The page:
Digital cameras have been around for a long time, as have small remote control robotics platforms. However, combining the two has really only come into its own in the last decade or so, as more bandwidth has become available to the home tinkerer. This ESP32-CAM surveillance bot is a great example of what was once hard becoming trivially easy.
It’s a case of standing on the shoulders of giants. The ESP32-CAM is a device that allows one to stream live video images over a network using existing example code. In this case, it’s combined with an L298N DC motor driver which allows the Adafruit robot platform to be steered like a tank via its two wheels. A pair of SG90 servos then serve as a pan/tilt mechanism to further improve the robot’s field of view.
If you aimed to attempt this back in 2010, you’d have spent six months figuring out how to get a microcontroller to talk to a small camera module. Only then could you consider solving the multitude of other problems presented by getting the video feed off the bot to somewhere useful. These days, you can order a bunch of parts online and have it up and running in a couple hours. This project from 2013 serves as an example of how much things have changed in the intervening years. Video after the break.
Continue reading “Lil’ ESP32 Bot Does Remote Surveillance, And It’s Easy”
Learning through play is effective for humans of all ages, and since 2016 [slantconcepts] has been designing STEM kits that help teach kids to build their future overlords. They are launching version 3 of their LittleArm robotic arm, and the progression from version 1 is an interesting study in simplification and parts count reduction without sacrificing functionality.
In all of the LittleArm versions the main mechanical components are 3D printed, and driven by 3 servos for motion plus one additional servo to run the gripper. These kits are specifically intended to be built and disassembled repeatedly, and classrooms are a great place for small screws to easily disappear, so reducing the number of screws was a big goal for v3. The gripper/forearm shows the most dramatic improvement from the previous versions, being simplified from 8 separate components to a single 3D printed part by using a compliant mechanism — that squiggly pattern that allows the gripper to flex into place. The gripper tips also feature a simple “cutout” that allow it more easily grasp horizontal objects.
An Arduino Nano based expansion board is used to control the arm, with a HC-06 Bluetooth module to allow it to be controlled via a smart phone app. Various sensors can also be added to expand the kit’s capabilities. Unfortunately the mechanical design is not open source, but it can still be a source of inspiration for your own design projects.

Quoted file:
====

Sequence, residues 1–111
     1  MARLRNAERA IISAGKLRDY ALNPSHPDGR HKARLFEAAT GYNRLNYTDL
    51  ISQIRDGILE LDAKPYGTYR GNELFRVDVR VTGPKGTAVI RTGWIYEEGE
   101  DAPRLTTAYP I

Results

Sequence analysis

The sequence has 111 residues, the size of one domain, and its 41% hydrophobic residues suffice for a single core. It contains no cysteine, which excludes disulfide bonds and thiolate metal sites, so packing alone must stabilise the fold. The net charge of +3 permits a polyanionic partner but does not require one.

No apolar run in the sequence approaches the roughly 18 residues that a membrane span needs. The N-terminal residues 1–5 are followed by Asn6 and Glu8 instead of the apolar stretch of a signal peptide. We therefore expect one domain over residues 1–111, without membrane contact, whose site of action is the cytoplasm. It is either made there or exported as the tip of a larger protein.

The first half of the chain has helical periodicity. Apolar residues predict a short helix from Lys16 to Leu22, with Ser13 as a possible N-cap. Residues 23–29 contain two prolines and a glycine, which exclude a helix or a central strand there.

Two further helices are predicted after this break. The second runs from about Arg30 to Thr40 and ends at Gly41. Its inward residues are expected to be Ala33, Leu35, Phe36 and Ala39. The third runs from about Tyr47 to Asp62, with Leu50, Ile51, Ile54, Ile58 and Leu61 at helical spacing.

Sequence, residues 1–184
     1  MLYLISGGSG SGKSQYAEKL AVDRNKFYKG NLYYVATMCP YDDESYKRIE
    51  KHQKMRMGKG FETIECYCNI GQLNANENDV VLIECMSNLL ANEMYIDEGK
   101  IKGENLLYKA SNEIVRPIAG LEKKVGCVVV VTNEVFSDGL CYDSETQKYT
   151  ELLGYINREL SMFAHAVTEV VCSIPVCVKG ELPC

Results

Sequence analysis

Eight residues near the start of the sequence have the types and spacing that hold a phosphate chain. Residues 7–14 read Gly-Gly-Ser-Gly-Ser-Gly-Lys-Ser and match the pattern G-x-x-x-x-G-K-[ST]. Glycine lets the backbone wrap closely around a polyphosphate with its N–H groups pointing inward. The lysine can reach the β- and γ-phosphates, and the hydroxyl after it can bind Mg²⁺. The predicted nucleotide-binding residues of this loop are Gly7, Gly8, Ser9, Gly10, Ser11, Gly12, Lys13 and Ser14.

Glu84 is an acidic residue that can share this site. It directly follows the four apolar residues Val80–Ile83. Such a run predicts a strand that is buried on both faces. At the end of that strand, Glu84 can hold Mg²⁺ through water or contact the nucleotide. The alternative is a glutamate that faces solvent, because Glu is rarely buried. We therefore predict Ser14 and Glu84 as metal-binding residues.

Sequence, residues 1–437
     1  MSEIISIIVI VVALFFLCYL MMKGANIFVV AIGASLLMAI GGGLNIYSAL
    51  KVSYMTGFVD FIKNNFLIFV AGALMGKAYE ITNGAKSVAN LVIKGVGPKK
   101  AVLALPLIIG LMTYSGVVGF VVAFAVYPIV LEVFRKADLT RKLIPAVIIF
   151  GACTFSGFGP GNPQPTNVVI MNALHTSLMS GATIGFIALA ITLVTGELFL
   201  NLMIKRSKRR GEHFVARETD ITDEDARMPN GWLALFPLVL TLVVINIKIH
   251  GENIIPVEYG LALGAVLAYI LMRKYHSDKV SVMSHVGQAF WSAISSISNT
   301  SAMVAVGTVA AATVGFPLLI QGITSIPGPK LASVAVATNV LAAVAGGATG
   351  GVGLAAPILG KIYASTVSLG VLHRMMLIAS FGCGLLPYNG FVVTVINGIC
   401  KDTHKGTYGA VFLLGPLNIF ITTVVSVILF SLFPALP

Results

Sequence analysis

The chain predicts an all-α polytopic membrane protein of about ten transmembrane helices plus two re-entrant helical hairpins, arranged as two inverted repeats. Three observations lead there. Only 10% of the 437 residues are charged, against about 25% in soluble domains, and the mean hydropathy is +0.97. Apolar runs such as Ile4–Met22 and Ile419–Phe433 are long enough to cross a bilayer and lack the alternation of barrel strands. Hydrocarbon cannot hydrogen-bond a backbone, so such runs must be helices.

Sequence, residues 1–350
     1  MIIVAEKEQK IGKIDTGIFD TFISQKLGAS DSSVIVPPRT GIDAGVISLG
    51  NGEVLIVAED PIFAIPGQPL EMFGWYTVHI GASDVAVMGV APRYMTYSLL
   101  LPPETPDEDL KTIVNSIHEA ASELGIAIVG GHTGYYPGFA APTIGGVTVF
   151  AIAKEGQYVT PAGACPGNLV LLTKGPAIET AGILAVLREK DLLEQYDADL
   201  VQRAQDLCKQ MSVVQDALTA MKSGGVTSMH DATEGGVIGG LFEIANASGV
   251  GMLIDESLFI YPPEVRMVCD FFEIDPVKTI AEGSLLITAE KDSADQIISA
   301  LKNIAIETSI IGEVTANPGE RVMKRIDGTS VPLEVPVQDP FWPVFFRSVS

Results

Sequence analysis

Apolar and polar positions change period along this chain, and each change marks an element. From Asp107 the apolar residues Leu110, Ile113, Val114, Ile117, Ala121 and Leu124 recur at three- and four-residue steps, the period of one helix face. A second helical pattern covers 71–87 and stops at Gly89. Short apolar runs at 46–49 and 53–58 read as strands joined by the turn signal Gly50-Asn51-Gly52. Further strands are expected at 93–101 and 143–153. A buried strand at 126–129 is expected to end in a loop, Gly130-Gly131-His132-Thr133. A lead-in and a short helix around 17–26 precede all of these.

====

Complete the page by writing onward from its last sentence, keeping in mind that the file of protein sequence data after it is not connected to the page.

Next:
Hopefully this kit will inspire some future hackers to build a more advanced 3D printed version, or even a giant hydraulic powered arm.
It’s not every day that we see someone trying something new with robot locomotion, but [kong]’s robot Rollyboi was made to do exactly that by mixing up the usual robot-wheel-motor layout. Instead of the robot using motors to drive wheels, Rollyboi is itself the wheel, and uses multiple simple arms (legs?) attached to hobby servo motors to propel itself. The idea is that the arms swivel out one at a time to roll the robot along as needed.
It’s a novel idea, but how well does it work in practice? The first version was blind and mechanically unstable, with no idea which way was up and therefore no way to effectively control which arm needed to be extended, but was nevertheless able to roll along. The next version implemented a simple control system: buttons installed along the outside rim let the robot know how it is moving and which arm to extend next. With two sets of arms (one on each side) the robot becomes capable of executing simple turns by extending one arm more than the other.
In the end, Rollyboi could move but still lacks a means to perceive and navigate its environment. This is made more challenging by the fact that the robot’s body (and therefore any sensors mounted to it) would be in constant motion as the robot moves. Still, it’s interesting to see how far the idea went using only simple hardware, and its motion gives off a certain radial solenoid engine vibe. You can watch a brief video below.
Continue reading “Rollbot Crams Ten Arms Onto One Wheel”
Robotic animal companions were once all the rage, though their limited personalities and annoying sound effects often relegated them to the bin fairly quickly. This makes them all the more ripe for hacking. [David Bynoe] had a Baby Butterscotch that was in need of a new home, and he decided to put the pony to work at his local hackerspace.